However, it must be noted that the majority of research in this field does not subscribe to the view that people are always overconfident or underconfident in their judgments. For example, it has been reported that there is considerable agreement between “participants’ self-assessments of fluid and crystallized abilities and a diverse array of knowledge measures and objective measures of those abilities and knowledge domains. Not only did participants recognize their areas of strength, but they also discriminated those from their areas of weakness” (Ackerman, Beier and Bowen, 2002).

In general, there are several ways to remedy false identification. For example, in suspect lineups, the eyewitness might be informed that there is a possibility that the culprit is not present, which will remove the “one of these individuals is certainly guilty, otherwise I wouldn’t be here” mentality (Williams, 1999). In doing so, identification would no longer be based purely on similarity defaults, and would put a stop to the selection of innocent individuals simply because they looked like the culprit (ibid). In addition, because a wealth of scientific evidence suggests that the interviewer’s expectations and hopes unintentionally influence the respondent, it would be wise to use interviewers who are unaware of the facts of the case (Wells, 1998). This will remove the possibility of the interviewer inadvertently making suggestions as to who is guilty and who is not via direct or indirect vocal or body language.

Many alternatives to the traditional lineup have been proposed and tested. One of the first was the blank lineup control method, in which there are only fillers and no suspect (Wells, 1984). If the witness identifies someone from this lineup as being the culprit, they can be discarded, whereas if they do not make an identification, they can then be shown the actual lineup, which would include the suspect (ibid). Data indicate that eyewitnesses who do not make an identification from the blank lineup are more reliable on the second (actual) lineup than are those who were not screened during the blank lineup (Wells and Olson, 2003).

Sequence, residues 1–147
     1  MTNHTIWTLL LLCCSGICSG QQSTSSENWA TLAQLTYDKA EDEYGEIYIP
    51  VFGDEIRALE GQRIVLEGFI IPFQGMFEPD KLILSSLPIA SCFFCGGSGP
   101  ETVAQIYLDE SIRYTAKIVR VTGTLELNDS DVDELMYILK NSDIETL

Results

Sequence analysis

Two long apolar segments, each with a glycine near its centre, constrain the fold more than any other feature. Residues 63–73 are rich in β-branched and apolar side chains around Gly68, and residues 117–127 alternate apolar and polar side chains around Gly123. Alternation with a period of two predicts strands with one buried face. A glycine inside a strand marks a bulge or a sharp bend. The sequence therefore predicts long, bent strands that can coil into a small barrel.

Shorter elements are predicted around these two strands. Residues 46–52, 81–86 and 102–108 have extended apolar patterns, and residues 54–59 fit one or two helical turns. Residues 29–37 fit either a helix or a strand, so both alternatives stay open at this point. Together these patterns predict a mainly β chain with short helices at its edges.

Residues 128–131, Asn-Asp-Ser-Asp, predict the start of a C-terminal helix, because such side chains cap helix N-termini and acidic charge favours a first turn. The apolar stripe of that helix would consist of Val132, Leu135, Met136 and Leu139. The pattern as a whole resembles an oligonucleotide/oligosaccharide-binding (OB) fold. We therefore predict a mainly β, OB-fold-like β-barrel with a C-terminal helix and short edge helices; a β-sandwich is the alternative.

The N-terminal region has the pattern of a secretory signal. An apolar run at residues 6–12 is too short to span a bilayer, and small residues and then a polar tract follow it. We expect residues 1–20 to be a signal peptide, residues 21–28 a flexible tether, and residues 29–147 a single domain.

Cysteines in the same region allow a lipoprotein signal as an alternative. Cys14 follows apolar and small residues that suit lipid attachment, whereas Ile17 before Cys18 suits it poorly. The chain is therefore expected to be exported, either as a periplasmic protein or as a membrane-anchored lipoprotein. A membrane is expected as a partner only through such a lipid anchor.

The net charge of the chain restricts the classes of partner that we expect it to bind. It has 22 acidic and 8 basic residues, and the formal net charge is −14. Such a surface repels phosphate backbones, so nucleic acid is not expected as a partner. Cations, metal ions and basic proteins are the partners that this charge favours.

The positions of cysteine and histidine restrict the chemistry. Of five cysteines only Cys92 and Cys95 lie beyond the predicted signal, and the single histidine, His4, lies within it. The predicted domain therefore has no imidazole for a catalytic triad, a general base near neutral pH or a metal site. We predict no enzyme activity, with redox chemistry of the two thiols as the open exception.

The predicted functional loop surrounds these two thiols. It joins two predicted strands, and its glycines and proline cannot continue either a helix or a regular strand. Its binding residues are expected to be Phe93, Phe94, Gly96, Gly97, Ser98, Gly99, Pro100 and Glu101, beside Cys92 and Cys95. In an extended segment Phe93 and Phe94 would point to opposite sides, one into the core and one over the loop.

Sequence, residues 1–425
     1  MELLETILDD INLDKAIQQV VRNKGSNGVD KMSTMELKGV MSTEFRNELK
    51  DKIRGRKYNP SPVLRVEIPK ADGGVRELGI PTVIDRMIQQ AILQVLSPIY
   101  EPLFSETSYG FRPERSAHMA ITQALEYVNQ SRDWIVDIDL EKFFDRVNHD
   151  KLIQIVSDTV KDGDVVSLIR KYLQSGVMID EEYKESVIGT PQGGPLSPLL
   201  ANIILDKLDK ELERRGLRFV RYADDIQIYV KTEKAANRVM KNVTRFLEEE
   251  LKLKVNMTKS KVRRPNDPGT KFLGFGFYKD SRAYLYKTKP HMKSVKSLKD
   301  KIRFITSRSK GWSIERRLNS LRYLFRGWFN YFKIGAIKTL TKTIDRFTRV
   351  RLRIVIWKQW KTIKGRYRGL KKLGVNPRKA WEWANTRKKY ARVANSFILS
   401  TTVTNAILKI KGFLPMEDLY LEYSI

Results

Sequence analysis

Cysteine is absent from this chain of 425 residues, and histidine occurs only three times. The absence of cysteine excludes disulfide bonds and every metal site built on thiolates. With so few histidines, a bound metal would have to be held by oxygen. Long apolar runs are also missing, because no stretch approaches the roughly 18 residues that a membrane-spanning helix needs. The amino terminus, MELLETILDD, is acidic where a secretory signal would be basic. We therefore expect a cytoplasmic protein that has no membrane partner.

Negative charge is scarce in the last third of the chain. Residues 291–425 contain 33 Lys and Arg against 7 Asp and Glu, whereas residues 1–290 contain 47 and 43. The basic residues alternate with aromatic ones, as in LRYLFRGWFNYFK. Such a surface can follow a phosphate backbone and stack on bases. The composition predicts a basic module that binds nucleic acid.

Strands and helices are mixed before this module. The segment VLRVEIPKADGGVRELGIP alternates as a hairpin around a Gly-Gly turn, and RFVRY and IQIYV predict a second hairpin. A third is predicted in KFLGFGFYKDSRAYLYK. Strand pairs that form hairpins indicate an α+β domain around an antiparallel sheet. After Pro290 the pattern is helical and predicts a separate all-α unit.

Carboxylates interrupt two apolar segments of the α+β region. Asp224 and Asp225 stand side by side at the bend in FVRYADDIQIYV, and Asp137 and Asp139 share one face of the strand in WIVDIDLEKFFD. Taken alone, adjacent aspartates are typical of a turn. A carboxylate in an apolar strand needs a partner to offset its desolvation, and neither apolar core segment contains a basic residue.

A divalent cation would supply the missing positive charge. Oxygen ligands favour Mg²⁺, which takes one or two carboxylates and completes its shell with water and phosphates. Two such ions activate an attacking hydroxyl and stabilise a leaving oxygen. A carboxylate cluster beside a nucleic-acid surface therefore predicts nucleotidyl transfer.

Another possible alternative is the sequential lineup. Here, instead of the lineup members being shown to the eyewitness simultaneously, they are shown only one member at a time, in which case the eyewitness is required to make a decision (“Is this person the culprit?”) prior to viewing the next member (Lindsay and Wells, 1985). Theoretically, the sequential lineup prevents eyewitnesses from selecting the person who looks most like the culprit relative to the other lineup members (relative-judgment decision) (Wells 1984). Thus, unlike the simultaneous lineup, the sequential lineup prevents eyewitnesses from making a relative-judgment decision, because at any point a person has not yet been seen may turn out to resemble the culprit more than any person previously viewed; eyewitnesses must compare each member of the sequential lineup to their memory of the culprit, not to each other (Wells and Olson, 2003). An analysis of twenty-five studies comparing simultaneous and sequential lineups showed that the sequential lineup reduced the chances of mistaken identifications in culprit-absent lineups by almost half (Steblay, Dysart, Fulero and Lindsay 2001).

The guidelines for suspect lineups are also applicable to photospreads: